Monmouth Poll: 8-in-10 Americans agree ethnic discrimination a problem
This morning’s Al Jazeera America/Monmouth University Poll finds that nearly all Americans agree that racial discrimination continues to be a problem for the nation, but they are divided by race on whether greater social integration is an important element in fixing the problem. The national poll – the first conducted by Al Jazeera America, with Monmouth University – also found that Americans, by a nearly 3-to-1 margin, are more likely to say that race relations have worsened rather improved since Barack Obama moved into the White House.
Fully 8-in-10 Americans agree that racial and ethnic discrimination is a problem in the United States, with half (51%) saying it is a big problem, and 30% saying it is a small problem. About 2-in-3 blacks (69%) and Latinos (66%) say discrimination is a big problem, while just under half of whites (45%) feel the same. (PolitickerNJ)
Monmouth Poll: 8-in-10 Americans agree ethnic discrimination a problem | New Jersey News, Politics, Opinion, and Analysis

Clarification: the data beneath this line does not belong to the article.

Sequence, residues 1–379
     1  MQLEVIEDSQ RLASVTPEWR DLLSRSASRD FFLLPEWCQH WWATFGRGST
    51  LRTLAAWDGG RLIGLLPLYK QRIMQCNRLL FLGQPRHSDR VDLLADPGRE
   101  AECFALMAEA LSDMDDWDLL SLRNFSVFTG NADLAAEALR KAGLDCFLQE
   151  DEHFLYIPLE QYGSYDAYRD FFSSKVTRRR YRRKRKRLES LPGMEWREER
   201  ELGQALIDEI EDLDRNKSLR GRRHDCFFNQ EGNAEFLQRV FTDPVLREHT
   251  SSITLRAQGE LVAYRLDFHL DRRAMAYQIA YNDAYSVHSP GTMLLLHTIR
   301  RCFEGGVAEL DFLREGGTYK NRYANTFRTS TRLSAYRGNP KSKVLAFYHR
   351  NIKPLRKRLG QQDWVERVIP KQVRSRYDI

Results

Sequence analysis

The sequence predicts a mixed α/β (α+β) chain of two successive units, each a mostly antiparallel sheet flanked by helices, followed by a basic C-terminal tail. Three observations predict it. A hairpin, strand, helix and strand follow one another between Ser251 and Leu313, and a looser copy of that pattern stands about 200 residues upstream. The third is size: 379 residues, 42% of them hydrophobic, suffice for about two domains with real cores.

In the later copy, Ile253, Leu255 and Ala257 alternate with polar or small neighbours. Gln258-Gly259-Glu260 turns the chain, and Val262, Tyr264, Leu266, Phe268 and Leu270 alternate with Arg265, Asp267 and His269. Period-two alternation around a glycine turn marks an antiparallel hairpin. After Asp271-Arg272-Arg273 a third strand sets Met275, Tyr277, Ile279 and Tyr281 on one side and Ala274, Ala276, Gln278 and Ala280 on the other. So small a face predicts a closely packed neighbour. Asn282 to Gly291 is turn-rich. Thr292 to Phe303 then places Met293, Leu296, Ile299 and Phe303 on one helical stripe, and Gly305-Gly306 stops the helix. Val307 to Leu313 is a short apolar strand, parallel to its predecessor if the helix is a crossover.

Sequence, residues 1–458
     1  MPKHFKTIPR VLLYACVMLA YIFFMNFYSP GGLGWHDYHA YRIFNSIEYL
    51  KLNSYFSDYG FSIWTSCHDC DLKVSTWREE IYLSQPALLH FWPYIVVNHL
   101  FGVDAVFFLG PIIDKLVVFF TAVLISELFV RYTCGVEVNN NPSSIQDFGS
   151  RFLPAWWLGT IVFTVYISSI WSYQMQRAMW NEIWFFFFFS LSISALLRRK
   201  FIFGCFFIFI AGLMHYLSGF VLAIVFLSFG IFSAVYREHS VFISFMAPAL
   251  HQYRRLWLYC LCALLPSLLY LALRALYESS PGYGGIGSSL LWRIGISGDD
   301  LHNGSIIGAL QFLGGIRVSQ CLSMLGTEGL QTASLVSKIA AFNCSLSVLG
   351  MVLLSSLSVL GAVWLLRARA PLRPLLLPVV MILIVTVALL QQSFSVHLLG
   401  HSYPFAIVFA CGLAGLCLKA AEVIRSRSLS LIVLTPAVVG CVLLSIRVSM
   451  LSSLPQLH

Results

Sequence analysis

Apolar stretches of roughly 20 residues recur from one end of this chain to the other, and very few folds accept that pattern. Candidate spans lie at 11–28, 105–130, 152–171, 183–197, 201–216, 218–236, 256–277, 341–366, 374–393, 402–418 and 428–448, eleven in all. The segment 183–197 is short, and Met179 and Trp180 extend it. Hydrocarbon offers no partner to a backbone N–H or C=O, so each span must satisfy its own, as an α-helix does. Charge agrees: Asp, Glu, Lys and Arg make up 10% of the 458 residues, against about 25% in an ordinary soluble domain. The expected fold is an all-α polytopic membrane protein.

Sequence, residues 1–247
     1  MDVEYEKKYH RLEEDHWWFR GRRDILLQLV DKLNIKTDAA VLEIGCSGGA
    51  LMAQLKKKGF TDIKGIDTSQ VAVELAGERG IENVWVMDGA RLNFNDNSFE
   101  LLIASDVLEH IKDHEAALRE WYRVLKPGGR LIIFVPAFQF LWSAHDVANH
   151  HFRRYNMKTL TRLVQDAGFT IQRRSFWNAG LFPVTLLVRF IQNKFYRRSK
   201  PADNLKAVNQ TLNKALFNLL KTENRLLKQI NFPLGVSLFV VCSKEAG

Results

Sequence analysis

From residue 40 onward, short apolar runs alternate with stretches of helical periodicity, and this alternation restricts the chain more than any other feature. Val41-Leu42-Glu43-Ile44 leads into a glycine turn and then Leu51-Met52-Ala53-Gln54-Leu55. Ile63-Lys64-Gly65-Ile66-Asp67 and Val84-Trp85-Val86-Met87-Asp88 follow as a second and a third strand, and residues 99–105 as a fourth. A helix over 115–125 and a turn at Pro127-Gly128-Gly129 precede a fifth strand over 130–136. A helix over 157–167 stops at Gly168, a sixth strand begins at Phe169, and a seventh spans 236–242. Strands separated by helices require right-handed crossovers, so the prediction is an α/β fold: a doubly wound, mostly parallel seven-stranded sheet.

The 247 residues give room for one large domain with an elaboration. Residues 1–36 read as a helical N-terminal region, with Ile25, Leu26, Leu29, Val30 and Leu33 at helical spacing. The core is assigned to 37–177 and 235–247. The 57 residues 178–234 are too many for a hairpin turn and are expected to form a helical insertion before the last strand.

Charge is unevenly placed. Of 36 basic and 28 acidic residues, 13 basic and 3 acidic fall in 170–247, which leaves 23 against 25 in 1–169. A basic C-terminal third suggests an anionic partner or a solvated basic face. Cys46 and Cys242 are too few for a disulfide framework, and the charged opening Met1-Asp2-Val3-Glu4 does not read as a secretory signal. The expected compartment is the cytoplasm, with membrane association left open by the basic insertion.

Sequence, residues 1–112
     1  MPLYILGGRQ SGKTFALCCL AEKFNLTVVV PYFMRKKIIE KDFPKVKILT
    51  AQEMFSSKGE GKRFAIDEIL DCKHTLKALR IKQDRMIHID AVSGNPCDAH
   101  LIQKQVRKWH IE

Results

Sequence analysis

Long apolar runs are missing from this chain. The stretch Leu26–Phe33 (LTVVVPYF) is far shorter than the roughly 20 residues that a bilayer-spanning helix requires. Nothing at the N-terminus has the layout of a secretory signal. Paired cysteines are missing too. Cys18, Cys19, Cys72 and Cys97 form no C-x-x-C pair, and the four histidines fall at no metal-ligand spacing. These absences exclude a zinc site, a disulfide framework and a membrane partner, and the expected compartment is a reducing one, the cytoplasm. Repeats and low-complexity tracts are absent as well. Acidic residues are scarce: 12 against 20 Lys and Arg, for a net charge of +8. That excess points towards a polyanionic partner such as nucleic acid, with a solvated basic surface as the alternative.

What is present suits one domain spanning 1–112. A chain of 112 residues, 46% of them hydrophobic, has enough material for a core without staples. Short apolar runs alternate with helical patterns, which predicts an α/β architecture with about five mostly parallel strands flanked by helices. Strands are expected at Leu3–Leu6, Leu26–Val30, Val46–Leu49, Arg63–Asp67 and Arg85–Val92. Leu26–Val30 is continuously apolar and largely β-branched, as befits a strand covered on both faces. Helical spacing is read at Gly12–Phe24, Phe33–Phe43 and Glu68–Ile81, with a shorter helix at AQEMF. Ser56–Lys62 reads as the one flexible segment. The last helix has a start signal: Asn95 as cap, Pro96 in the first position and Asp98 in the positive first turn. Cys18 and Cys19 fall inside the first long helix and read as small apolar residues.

MLK Day in Roselle with Fulop and Sweeney
The two Steves running for governor showed up this morning in Roselle at the same Martin Luther King, Jr. memorial service. (Pizarro/PolitickerNJ)
MLK Day in Roselle with Fulop and Sweeney | New Jersey News, Politics, Opinion, and Analysis
Christie comes in behind Bush, Romney in latest poll
New polling indicates that Gov. Chris Christie’s national standing may have taken a hit in recent weeks, first in the aftermath of his affair with Cowboys owner Jerry Jones but also since two of his closest competitors hinted at jumping into a 2016 presidential contest. (Brush/PolitickerNJ)
Christie comes in behind Bush, Romney in latest poll | New Jersey News, Politics, Opinion, and Analysis
FDU Poll: 68% oppose a gas tax hike
With gas prices below $2 a gallon in some parts of the state, policymakers are considering raising the gas tax. Legislators say the additional revenue would go to fund much-needed bridge and road repairs in the state. However, the public isn’t buying it. The most recent statewide survey from Fairleigh Dickinson University’s PublicMind finds respondents oppose the idea of additional taxes by a more than two-to-one margin, with many (31%) saying their opposition is driven by skepticism that the funds would be used as intended, and the belief that residents are already overburdened by taxes (45%). (PolitickerNJ)